Epilepsy medicine

    Fast facts

    1. 1
      Epilepsy medicines are also known as anti-epileptic drugs or AEDs
    2. 2
      Epilepsy medicine isn’t a cure. The medicines aim to try and stop the seizures happening. This is done by changing the levels of chemicals in the brain that control electrical activity. The short video below explains more about how AEDs work
    3. 3
      Many people find their seizures are controlled with one medicine, but some people need to take 2 or more
    4. 4
      Epilepsy medicine is absorbed into the blood and carried to the brain. For the medicine to work properly there needs to be a steady supply in the blood
    5. 5
      Missing a dose of your epilepsy medicine can increase the risk of having a seizure
    6. 6
      If you take your medicine twice a day taking it exactly 12 hours apart may increase your seizure control


    This short video that explains how AEDs work

    Top tips



    Woman with a glass of water about to take a tablet

    There might be side-effects

    Side-effects are unwanted symptoms caused by medicines. All medicines come with a patient information leaflet with a list of the known side-effects and how common they are. Your epilepsy doctor or nurse will be able to talk about possible side-effects with you.

    Fast facts

    Different medicines produce different side-effects

    People are affected by epilepsy medicine in different ways

    Many side-effects are mild and lessen over time, as your body gets used to the medicine

    If you are badly affected by side-effects talk to your epilepsy doctor. They might try you on a different medicine or a different dose

    The benefits of seizure control are usually greater than the impact of any side-effects


    Some side-effects, such as a rash, can be a sign of a serious reaction.

    Your epilepsy doctor or nurse should warn you about these and explain what to do if they happen to you.

    Remembering to take your epilepsy meds

    Managing medicines and remembering to take them can be a challenge, particularly if you take several different ones.

    Here are some tips to help make sure you take your epilepsy medicine:

    Stories by you

    If you have a story to share about side-effects, remembering to take your medicines, or anything else about epilepsy medicines we’d love to hear from you.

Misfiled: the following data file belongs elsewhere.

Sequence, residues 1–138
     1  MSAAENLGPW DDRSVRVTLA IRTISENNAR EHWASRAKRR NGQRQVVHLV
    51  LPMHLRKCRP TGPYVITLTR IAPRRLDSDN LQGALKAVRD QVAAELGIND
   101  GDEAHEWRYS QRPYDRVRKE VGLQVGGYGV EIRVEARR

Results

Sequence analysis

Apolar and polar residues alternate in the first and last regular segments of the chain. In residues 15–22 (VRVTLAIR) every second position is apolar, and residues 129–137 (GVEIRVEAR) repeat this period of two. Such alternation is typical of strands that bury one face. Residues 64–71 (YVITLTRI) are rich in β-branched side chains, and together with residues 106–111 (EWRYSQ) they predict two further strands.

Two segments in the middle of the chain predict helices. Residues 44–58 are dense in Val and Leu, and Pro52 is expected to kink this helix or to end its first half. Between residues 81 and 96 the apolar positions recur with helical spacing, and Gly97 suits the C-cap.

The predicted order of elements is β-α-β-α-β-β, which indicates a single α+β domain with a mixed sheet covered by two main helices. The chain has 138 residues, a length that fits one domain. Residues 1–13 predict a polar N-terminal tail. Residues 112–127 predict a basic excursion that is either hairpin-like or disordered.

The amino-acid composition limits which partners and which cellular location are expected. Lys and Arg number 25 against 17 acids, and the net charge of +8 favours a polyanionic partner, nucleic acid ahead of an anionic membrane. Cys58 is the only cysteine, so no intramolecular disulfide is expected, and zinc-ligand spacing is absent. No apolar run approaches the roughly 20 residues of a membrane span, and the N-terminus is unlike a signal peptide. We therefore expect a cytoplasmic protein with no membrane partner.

Cannabis plant leaves

    Medical cannabis for epilepsy

    We know the restrictions on the availability of medical cannabis is a frustration for some people with epilepsy.

    Epilepsy Action is working to ensure that everyone with epilepsy who could benefit from cannabis-based medicines can access them in a safe and timely manner.

    For the latest on medical cannabis for epilepsy in the UK visit the Epilepsy Action website.

    Fast facts

    In specific cases medical cannabis may be available as a treatment

    Cannabis contains hundreds of natural chemicals. In medical cannabis, the two most important are cannabidiol (CBD) and tetrahydrocannabinol (THC)

    CBD products sold online and in health food shops are not licensed as medicines. There's no guarantee of their quality or safety

    The Food Standards Agency say that as a precaution, people taking any medicine should not use CBD products, unless directed to do so by their doctor

    If you choose to use a cannabis-based product it’s best to let your epilepsy doctor know, because it might interact with your epilepsy medicine(s)

    There's only one cannabis-based medicine licenced for treating epilepsy. It's called Epidyolex

    Epidyolex is only prescribed by the NHS as a treatment for people with Dravet syndrome and Lennox-Gastaut syndrome

    Do something

    How good are you at remembering to take your epilepsy medicine as prescribed?

    If you don’t have a routine in place. This template might help.

    If it is: ____________________________
    and I am: _________________________
    and I have: ________________________
    then I will take my epilepsy meds.

    Filled in it might look like this:

    If it is: 8am
    and I am: in the bathroom
    and I have: finished brushing my teeth
    then I will take my epilepsy meds.

    More info

    The Epilepsy Action website has more information about epilepsy medicines

    Epilepsy medicines available in the UK

    List of AEDs

    More about side-effects and interactions


    Epilepsy Action – the latest on medical cannabis for epilepsy in the UK

    Medical cannabis
    Updated 12 May 2020
    Review 12 May 2023
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